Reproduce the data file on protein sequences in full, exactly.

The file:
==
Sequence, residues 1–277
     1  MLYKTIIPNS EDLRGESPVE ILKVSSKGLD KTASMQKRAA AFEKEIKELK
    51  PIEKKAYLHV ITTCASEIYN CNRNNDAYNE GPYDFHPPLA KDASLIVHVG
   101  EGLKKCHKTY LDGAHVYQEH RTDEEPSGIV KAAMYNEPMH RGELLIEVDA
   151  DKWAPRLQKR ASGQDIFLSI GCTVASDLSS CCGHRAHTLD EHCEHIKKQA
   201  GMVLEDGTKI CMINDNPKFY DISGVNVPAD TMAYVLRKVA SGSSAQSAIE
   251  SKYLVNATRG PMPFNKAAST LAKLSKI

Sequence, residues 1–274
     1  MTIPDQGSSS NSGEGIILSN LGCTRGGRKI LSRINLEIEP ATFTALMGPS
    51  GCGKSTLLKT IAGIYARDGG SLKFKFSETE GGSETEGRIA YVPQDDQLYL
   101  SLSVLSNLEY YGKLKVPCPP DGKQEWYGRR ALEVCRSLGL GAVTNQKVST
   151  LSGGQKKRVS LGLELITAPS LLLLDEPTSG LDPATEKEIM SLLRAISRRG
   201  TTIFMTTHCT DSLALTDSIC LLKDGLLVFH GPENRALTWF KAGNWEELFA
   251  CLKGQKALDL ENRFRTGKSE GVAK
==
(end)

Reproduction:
Sequence, residues 1–277
     1  MLYKTIIPNS EDLRGESPVE ILKVSSKGLD KTASMQKRAA AFEKEIKELK
    51  PIEKKAYLHV ITTCASEIYN CNRNNDAYNE GPYDFHPPLA KDASLIVHVG
   101  EGLKKCHKTY LDGAHVYQEH RTDEEPSGIV KAAMYNEPMH RGELLIEVDA
   151  DKWAPRLQKR ASGQDIFLSI GCTVASDLSS CCGHRAHTLD EHCEHIKKQA
   201  GMVLEDGTKI CMINDNPKFY DISGVNVPAD TMAYVLRKVA SGSSAQSAIE
   251  SKYLVNATRG PMPFNKAAST LAKLSKI

Sequence, residues 1–274
     1  MTIPDQGSSS NSGEGIILSN LGCTRGGRKI LSRINLEIEP ATFTALMGPS
    51  GCGKSTLLKT IAGIYARDGG SLKFKFSETE GGSETEGRIA YVPQDDQLYL
   101  SLSVLSNLEY YGKLKVPCPP DGKQEWYGRR ALEVCRSLGL GAVTNQKVST
   151  LSGGQKKRVS LGLELITAPS LLLLDEPTSG LDPATEKEIM SLLRAISRRG
   201  TTIFMTTHCT DSLALTDSIC LLKDGLLVFH GPENRALTWF KAGNWEELFA
   251  CLKGQKALDL ENRFRTGKSE GVAK